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Stress Might Be Even More Unhealthy for the Obese

Repeated exposure tied to escalation of inflammatory protein levels, but only in overweight people

FRIDAY, Sept. 26, 2014 (HealthDay News) -- Recurring emotional stress may trigger a stronger biochemical response in overweight people, possibly increasing their risk of chronic illnesses such as heart disease and type 2 diabetes, according to new study published online Aug. 5 in Brain, Behavior, and Immunity.

On two consecutive days, Christine McInnis, from Brandeis University's Laboratory for Biological Health Psychology in Waltham, Mass., and colleagues placed people of various body sizes in stressful situations, including a very unfriendly job interview and a difficult oral math exercise. Saliva samples were then taken to examine how the stress affected the person's body chemistry.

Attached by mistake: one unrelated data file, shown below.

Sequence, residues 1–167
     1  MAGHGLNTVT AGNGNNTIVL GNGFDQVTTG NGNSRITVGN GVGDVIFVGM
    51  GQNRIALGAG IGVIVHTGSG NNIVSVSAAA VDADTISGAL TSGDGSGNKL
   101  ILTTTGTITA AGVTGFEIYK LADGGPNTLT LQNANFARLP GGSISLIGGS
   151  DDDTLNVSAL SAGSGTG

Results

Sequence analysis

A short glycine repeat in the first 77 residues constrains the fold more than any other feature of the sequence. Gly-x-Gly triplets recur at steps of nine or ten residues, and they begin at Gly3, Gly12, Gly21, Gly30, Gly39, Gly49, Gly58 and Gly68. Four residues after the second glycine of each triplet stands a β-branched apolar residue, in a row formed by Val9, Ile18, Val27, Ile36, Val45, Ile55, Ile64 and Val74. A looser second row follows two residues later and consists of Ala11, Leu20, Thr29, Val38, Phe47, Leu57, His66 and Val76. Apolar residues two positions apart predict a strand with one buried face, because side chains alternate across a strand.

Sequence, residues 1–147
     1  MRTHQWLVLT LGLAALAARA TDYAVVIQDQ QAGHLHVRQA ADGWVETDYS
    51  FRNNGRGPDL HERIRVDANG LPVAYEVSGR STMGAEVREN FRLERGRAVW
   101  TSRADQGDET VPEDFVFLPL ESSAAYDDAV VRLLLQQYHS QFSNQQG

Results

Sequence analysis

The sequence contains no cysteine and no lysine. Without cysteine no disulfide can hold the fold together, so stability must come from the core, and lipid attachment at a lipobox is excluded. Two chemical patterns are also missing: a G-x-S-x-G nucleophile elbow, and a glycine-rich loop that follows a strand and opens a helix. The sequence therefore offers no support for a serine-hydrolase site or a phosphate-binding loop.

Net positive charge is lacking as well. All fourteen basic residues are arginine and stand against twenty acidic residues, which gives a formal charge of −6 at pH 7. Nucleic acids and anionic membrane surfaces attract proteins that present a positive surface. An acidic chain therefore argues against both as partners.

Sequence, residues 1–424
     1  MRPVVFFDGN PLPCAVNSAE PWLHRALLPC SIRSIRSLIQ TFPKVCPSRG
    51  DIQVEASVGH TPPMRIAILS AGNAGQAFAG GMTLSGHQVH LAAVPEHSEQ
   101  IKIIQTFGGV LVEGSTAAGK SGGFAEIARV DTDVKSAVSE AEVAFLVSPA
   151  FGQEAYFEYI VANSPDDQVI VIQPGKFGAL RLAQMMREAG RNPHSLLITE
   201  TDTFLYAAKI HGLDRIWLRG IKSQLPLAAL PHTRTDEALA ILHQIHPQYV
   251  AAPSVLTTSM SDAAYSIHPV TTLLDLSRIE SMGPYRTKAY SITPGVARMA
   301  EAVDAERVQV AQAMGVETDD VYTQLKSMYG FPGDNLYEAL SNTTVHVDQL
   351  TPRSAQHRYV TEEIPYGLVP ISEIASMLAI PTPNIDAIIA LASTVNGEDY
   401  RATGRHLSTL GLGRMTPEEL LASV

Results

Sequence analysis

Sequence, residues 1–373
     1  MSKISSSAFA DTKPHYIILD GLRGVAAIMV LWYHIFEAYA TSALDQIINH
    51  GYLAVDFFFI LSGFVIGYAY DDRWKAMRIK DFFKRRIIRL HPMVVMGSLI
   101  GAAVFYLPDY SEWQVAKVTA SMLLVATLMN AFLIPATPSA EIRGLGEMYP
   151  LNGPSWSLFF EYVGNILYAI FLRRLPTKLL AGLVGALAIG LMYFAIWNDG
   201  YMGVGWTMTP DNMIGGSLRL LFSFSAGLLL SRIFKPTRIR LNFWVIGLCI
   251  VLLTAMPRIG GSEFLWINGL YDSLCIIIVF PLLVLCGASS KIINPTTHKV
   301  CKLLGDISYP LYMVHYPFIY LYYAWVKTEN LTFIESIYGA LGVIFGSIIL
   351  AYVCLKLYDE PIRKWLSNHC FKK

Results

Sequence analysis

The researchers found that overweight people repeatedly placed in a stressful situation exhibited increasing amounts of interleukin-6 in their saliva. Normal-weight people did not exhibit this escalation in interleukin-6 levels when exposed to repeated stress. Lean people started out with lower interleukin-6 levels than obese people, but both lean and obese participants exhibited similar amounts of biochemical response to stress on the first day. However, overweight or obese individuals exhibited an interleukin-6 response on the second day nearly double that of their response the day before. By comparison, the second-day response of lean people was the same as it was their first day.

"You already are at risk for these diseases by being obese, and then you have these magnified responses that further exacerbate your risk," Brandeis told HealthDay. This indicates that obese people are physically affected by repeated stress much more dramatically than people at normal weight, and recover from stress more slowly, she added.

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